Studying sociology opens up a wide range of careers in areas such as welfare, education, social research, and local and central government
Jobs directly related to your degree include:
- Advice worker
- Community development worker
- Further education teacher
- Higher education lecturer
- International aid/development worker
- Policy officer
- Secondary school teacher
- Social researcher
- Social worker
- Youth worker
Jobs where your degree would be useful include:
- Charity officer
- Civil Service administrator
- Family support worker
- Housing manager/officer
- Human resources officer
- Life coach
- Newspaper journalist
- Police officer
- Probation officer
- Public relations officer
- Special educational needs coordinator (SENCO)
Remember that many employers accept applications from graduates with any degree subject, so don't restrict your thinking to the jobs listed here.
Look for volunteering or work experience opportunities with organisations and businesses that you're interested in working for, or that will help you develop the skills relevant to your career interests. For example, volunteering opportunities exist in schools, community education and social work departments, or with groups including young people, victims of crime or homeless people.
If you're looking for a career in an area such as law or the Civil Service, internships offer the chance for more structured work experience. Competition for places is strong, so research the company well before applying.
Think about the group or environment you're interested in. Narrowing down your preferences allows you to focus your approach to specific employers. For more information, see the British Sociological Association.
Search for placements and find out more about work experience and internships.
While some sociology graduates enter work in a social or welfare role, there are also opportunities with a wide range of other employers throughout the public and private sector. Employers include:
- charitable, counselling and voluntary organisations
- law firms
- local and central government
- media companies
- marketing and PR firms
- the NHS
- police and probation services
- schools, colleges and universities
- social and market research organisations.
Opportunities also exist on a variety of graduate management training schemes.
Skills for your CV
Studying sociology provides you with a wide range of the skills that employers look for, including communication, interpersonal, problem-solving and analytical skills. You learn to:
- appreciate the complexity and diversity of social situations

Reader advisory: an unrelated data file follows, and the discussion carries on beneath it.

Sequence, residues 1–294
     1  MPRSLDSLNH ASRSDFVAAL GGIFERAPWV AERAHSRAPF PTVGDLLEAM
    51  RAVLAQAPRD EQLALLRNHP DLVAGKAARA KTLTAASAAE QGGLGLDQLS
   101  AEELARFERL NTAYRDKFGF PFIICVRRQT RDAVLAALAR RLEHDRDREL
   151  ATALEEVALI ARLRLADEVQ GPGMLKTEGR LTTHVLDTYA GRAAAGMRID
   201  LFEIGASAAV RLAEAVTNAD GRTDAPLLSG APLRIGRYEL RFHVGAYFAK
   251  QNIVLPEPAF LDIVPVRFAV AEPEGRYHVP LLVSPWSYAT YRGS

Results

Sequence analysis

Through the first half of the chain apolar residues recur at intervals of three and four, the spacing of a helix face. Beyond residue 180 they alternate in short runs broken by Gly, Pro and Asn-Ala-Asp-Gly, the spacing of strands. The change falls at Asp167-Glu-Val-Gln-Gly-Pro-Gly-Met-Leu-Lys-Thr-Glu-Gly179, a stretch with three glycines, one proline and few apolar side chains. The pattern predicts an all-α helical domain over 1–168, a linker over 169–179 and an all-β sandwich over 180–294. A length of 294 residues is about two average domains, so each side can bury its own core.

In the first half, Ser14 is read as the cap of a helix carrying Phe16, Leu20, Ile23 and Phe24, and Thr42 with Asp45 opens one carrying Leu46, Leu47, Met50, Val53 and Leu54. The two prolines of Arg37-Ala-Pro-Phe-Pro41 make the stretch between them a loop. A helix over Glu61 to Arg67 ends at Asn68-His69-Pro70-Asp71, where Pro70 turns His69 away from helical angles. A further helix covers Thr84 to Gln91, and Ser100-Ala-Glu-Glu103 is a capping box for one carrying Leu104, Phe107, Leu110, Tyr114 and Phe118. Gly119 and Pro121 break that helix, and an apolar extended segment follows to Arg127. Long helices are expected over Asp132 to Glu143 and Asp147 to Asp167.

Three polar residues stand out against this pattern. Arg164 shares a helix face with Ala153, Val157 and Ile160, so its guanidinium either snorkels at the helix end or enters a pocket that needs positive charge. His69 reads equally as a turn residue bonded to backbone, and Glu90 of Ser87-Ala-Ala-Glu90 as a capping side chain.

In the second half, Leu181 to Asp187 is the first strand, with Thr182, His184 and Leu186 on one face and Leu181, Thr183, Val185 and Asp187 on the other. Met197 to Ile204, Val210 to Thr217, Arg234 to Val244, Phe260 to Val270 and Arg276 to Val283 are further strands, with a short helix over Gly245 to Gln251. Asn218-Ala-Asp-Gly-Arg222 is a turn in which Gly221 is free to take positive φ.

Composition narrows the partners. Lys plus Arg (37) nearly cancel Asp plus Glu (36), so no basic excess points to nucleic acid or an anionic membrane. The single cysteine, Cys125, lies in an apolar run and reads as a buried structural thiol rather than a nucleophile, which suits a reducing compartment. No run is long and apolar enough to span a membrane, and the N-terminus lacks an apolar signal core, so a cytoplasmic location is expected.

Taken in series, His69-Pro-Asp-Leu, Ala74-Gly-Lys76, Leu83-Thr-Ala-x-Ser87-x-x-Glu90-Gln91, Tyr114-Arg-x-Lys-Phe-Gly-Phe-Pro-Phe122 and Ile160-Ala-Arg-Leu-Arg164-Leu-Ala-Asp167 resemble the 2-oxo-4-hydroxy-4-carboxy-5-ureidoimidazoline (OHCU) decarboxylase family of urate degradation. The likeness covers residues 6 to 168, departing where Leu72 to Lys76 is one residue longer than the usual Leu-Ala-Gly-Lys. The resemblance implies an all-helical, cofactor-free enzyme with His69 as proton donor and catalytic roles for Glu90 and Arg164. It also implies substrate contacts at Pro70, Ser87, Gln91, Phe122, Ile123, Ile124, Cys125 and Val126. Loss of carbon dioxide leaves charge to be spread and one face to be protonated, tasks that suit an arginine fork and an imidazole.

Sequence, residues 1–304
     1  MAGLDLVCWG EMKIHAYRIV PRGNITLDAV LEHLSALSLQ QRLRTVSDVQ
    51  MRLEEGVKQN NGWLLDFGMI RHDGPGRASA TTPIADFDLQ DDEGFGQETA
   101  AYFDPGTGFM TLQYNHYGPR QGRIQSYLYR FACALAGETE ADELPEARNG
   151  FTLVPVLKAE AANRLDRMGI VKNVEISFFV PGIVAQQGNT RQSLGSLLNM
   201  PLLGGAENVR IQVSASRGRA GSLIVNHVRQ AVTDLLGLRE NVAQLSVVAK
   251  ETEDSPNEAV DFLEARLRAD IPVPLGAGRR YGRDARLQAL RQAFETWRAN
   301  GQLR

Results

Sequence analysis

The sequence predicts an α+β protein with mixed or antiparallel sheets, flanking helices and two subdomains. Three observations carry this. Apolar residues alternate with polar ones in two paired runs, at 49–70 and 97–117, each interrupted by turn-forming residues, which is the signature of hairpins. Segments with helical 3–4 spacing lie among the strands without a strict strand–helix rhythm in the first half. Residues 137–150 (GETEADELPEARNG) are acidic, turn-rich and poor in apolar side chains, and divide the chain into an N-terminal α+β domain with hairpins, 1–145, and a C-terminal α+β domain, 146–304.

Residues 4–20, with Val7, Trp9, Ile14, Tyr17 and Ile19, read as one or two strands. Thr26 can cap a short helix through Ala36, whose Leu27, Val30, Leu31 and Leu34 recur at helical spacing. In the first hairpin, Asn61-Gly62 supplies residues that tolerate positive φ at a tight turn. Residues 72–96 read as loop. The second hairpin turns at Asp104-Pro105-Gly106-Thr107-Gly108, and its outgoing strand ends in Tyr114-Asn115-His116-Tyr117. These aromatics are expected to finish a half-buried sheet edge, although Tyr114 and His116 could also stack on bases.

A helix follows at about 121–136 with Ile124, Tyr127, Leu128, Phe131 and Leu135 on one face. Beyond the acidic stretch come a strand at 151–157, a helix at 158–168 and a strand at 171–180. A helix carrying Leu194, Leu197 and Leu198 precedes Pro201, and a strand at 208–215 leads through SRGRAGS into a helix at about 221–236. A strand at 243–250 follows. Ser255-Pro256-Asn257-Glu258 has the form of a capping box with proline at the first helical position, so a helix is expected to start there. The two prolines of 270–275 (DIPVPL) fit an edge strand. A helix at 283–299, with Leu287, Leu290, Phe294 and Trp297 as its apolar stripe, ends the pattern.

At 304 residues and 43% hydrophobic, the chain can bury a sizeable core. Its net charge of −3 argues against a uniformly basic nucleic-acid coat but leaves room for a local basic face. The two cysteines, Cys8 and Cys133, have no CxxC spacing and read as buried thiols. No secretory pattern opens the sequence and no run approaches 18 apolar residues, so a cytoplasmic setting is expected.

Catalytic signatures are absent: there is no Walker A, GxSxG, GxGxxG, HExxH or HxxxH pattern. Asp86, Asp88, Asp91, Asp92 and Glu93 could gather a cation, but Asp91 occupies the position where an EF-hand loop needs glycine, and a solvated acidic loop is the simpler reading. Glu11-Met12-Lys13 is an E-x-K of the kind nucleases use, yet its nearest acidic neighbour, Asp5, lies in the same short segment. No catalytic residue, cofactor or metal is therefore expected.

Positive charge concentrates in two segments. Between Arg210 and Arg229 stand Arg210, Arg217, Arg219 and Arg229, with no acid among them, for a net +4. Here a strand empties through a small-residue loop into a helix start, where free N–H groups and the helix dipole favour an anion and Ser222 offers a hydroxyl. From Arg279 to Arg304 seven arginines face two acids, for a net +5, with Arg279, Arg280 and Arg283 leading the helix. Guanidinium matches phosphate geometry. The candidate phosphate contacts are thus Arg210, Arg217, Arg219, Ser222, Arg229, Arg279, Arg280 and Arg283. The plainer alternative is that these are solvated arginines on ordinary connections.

- develop a cross-cultural understanding of the world
- apply sociological theory to society's organisations, including schools, hospitals and offices
- research, judge and evaluate complex information
- make reasoned arguments
- apply different research methods, analysis and statistical techniques
- develop opinions and new ideas on societal issues
- work collaboratively as part of a team on projects
- think creatively and independently in order to understand, scrutinise and re-assess common perceptions of the social world
- relate sociological knowledge to social, public and civic policy
- organise your work and meeting deadlines.
Some sociology graduates go on to further study at Masters level in order to specialise in an area of sociology that interests them, such as social policy, political sociology or social research. It's then possible to go on to study for a PhD, which opens up opportunities to work in research.
There are also opportunities to take further study and/or vocational training to get into specific areas of work such as:
- community education
- information management
- social work
To become a social worker, for example, an undergraduate or postgraduate degree in social work is essential.
What do sociology graduates do?
Six of the top ten most popular jobs held by sociology graduates include welfare and housing associate professionals, care workers and home carers, marketing associate professionals, police officers (sergeant and below), human resources, industrial relations officers and national government administrative occupations.
|Working and studying||10.3|
|Type of work||Percentage|
|Secretarial and numerical clerks||16.3|
|Retail, catering and bar staff||13.3|
|Legal, social and welfare||12.9|
|Childcare, health and education||10.6|
For a detailed breakdown of what sociology graduates are doing after graduation, see What do graduates do?
Graduate destinations data from the Higher Education Statistics Agency.